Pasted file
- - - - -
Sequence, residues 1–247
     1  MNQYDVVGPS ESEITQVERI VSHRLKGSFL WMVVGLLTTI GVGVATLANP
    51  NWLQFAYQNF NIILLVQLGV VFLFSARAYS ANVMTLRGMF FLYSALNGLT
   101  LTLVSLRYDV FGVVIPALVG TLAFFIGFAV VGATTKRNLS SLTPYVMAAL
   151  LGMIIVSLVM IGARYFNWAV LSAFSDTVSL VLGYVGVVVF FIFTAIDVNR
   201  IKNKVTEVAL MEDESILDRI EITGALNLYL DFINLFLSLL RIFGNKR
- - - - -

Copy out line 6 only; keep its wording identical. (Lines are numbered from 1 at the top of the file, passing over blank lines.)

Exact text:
   201  IKNKVTEVAL MEDESILDRI EITGALNLYL DFINLFLSLL RIFGNKR